Spiderboy had been run off all eight of his little feet during the September school holidays, so on the last Sunday, when I asked him, “So, shall we go out on the harbour on a ferry, or stay home and make butter from scratch?” it’s really no surprise he wanted to stay home and you know, potentially lick a bowl.
The idea for butter-making came to me while Spiderboy and I were reading his home reader. The story was about two kids who made butter by – wait for it – shaking a jar with cream in it – for a reeeaaally long time. Great school holiday project, I noted, but who has the time to shake a freakin’ jar for that long. What am I? Amish? There had to be an easier way.
So I googled “Making butter from scratch” and came upon this informative post on Not Quite Nigella, called “Made from scratch: Make your own butter.” NQN’s Lorraine uses an electric mixer, so it takes two minutes to turn cream into butter. It almost seems too simple to be true, but I’ve tried it and it really works. I used a hand-held electric beater and it still only took about two or three minutes. The instructions are all on Not Quite Nigella, but here are my pictures:
Butter in its younger days, before it had been through the mill.
Whip It! Whip it good.
Cellulite waiting to happen.
Pressing out the buttermilk through a strainer was strangely satisfying.
I can’t believe it’s butter!
So proud of my little roly-poly roll of fat. And this butter roll too.
The day before I made butter, Spiderboy and I were in the supermarket. I was lingering in Chilled Dairy exploring my cream options, when a man suddenly appeared next to me. He was holding a pot of double cream. Was he the devil in disguise? “My name’s Kevin.” He extended his hand, so I duly shook it.
“Let me tell you about something really delicious,” Kevin/devil-in-disguise whispered. “You get a slice of white bread, and you butter it. Then you get some jam. Strawberry. Then you pour cream all over it. It’s delicious. it’s easy. Think about it next time the little fella wants a treat” he said, motioning to my son climbing all over the trolley.
“I’m not trying to pick you up,” Kevin/devil continued. “I just thought you might like to hear a good idea.” Have I got a sign on my back saying, “Got butter and cream? Talk to me!” I wondered.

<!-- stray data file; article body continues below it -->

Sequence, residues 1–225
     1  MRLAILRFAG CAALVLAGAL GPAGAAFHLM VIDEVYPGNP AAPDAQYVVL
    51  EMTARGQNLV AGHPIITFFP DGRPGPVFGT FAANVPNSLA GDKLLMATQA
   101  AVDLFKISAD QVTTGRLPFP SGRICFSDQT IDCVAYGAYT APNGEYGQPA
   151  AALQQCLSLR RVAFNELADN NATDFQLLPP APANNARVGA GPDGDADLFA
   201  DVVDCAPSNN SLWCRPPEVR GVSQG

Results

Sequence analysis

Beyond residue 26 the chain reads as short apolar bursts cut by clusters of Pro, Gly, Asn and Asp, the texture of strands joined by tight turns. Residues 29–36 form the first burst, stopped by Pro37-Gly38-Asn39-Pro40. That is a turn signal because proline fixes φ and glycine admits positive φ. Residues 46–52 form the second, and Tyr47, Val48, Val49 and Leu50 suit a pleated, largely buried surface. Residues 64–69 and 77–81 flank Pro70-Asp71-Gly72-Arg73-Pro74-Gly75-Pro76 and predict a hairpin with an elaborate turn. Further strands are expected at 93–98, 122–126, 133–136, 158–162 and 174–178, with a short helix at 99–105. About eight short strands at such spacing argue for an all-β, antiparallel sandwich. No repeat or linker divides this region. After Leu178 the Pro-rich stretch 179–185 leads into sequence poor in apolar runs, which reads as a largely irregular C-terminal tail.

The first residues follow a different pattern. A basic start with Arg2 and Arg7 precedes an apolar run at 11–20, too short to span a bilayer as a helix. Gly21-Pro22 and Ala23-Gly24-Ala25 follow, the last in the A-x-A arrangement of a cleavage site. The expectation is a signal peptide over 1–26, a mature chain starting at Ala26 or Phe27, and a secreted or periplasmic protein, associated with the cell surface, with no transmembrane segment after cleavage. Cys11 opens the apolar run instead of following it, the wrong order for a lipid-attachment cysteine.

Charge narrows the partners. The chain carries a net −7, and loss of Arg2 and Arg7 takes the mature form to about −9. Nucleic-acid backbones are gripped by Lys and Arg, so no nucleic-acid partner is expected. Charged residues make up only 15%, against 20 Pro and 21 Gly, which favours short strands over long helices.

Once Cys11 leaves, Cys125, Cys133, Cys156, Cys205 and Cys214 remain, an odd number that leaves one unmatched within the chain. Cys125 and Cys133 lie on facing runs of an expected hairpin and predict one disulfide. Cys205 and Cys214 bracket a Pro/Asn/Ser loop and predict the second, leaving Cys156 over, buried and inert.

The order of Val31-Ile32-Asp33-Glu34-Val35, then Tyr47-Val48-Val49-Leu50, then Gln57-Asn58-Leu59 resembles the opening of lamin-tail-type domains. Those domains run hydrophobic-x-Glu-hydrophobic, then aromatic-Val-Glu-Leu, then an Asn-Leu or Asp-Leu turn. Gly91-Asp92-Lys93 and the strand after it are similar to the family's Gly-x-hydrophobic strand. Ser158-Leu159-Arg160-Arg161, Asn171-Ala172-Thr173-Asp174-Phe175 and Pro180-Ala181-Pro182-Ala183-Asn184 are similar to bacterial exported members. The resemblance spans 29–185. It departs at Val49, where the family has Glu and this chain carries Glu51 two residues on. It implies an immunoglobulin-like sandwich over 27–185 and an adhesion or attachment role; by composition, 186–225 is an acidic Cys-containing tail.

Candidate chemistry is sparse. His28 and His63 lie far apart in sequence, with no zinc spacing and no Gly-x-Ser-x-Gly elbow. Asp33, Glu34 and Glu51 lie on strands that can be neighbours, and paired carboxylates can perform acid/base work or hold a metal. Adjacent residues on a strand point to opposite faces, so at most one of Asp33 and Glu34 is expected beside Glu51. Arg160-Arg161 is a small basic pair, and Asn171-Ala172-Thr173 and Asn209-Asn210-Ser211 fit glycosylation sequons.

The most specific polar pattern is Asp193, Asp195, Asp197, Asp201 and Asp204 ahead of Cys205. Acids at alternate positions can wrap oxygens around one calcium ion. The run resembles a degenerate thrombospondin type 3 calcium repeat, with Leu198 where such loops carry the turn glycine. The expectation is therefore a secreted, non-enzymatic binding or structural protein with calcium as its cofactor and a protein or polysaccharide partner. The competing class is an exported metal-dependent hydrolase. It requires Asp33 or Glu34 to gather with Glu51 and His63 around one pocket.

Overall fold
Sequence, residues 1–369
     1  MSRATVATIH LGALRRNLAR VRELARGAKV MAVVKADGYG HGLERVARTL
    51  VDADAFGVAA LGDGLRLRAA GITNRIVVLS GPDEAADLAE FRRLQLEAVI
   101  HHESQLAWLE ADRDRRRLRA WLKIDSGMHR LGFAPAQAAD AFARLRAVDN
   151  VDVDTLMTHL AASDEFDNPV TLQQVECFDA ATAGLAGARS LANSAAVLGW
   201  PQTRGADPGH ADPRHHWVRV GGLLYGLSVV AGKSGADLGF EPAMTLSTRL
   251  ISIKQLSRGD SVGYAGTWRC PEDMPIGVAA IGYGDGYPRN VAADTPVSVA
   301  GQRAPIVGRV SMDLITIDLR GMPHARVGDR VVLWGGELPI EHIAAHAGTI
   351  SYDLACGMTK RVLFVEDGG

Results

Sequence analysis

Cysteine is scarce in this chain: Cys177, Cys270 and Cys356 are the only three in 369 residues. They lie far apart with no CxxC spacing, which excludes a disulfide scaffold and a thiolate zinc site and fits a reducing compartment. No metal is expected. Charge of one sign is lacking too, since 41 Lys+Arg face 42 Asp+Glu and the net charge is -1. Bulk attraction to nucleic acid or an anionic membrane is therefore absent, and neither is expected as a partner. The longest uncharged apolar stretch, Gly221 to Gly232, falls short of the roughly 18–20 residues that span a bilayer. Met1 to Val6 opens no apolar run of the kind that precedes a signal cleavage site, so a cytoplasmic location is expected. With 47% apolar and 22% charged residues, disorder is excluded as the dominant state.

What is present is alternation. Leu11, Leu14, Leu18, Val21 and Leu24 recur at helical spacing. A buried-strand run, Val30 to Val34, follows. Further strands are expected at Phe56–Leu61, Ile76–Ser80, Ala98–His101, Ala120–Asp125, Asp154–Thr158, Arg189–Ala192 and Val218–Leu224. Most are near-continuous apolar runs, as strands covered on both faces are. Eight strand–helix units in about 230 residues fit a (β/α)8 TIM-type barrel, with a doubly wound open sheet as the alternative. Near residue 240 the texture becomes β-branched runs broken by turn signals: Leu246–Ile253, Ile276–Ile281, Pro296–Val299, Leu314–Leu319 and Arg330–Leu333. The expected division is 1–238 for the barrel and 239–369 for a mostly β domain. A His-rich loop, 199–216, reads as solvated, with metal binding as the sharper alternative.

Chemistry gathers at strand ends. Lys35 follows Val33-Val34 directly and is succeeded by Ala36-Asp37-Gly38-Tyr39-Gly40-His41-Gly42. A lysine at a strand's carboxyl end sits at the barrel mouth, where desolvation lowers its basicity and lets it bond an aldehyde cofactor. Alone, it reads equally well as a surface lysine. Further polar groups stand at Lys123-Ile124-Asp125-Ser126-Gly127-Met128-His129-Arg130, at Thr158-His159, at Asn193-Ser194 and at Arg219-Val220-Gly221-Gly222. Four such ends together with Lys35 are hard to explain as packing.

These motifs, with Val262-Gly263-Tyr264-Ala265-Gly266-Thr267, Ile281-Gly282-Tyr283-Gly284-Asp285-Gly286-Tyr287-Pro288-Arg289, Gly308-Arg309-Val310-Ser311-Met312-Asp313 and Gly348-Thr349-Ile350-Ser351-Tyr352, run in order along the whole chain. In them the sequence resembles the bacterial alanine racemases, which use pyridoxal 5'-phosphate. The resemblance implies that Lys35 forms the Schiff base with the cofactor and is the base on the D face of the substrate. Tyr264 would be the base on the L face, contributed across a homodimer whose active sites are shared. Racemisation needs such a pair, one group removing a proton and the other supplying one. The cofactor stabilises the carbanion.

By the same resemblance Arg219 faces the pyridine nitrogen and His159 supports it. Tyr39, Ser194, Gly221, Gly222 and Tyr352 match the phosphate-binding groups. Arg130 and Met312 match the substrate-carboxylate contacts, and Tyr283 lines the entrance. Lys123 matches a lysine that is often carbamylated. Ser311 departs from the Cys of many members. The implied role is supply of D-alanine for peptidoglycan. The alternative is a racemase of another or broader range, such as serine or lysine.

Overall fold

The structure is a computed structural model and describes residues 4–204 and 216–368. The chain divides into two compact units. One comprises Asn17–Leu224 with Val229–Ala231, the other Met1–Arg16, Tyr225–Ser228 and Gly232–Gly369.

The next day Spiderboy was quite excited about the butter project. After I’d done some housework and after we’d made Peppa Pig Cupcakes, I announced, “It’s time to make the butter!”
“No, I want to dress up as Superman and jump off my bunk bed.” he announced. Who am I to argue with the vagaries of five-year-old life. Here’s a picture:
Spider Boy IS Superman.
Now that I had a moment’s pause, I thought I’d better google ” Heart Attack symptoms: women” before I made the butter. Well, you can never be too careful. I decided to go ahead with my fully-loaded full-fat DIY project, where the main ingredient was fat.
So there I was, whipping double cream, while waiting for Tina Arena to appear on Sunday’s repeat of Dancing with the Stars and tying to negotiate with Spiderboy over what he could watch on You Tube.
“Come on, I’m making the butter, I’m whipping the cream!” I informed Spiderboy, who was now glued to my iPad.
“I’m whipping the butter, do you want to see? Look! Whipping! Cream! It’s nearly butter! LOOK!”
“I’m just playing this game now Mum”.
“OK, but you’re going to miss seeing the cream turn to butter. Look, it’s happening!”
“Muuum, I’m playing this game now.”
“OKAAAAY… but I’m about to do more whipping so if you want to hear your game you’d better go out of the room for a minute…”
A minute later, I said, “Look at the butter I made!”
And then Spiderboy cried. ” I wanted to make the butter! I can’t believe you made butter without me!” he sniffled.
“Darling, I told you I was making the butter. Look, you can pat it with these spoons to squeeze the buttermilk out.”
Spiderboy calmed down and patted the golden butter between two big wooden spoons. Then a big blob fell onto the chair he was standing on. But it was only for three seconds so we picked it up and pretended it never happened.
“This is boring!” he declared after a bit more patting, and went to watch TV.
My butter was ready, but I just couldn’t eat it. I didn’t have any nice bread. I put my butter away, in the fridge on top of the Lurpak, a really delicious Danish butter. My butter will keep.
The next day I bought a fresh loaf of white sourdough. ” I’m too scared to try the butter, ” I said to Spiderboy. He agreed. And his favourite food is “Vegemite-toast-with-margarine-but-not-the-butter-melted.” (That’s how he asks for toast every single time. It’s endearing. No, really).
But I pushed through my fear and tried my butter anyway. I tasted the tiniest bit on the tip of my pinky. It was smooth, creamy and a little bit bland. The butter, not my pinky. I had added a pinch of salt to the cream before whipping but it probably could’ve done with some more. Then I spread a bit of butter on the bread, and had a few bites.
It was quite nice. I couldn’t quite believe I had made a supermarket staple from scratch, that it was actually a real thing, and edible. But since I had whipped the double cream myself, I could see the butter for what it really was – almost pure fat. And it was strangely off-putting. Even for me.
So I’m back onto the Lurpak. Somehow, I don’t think of the fat when the butter comes out of a tub that I buy in the supermarket. Completely illogical, I know.
Have you ever made anything from scratch? Did it live up to your expectations?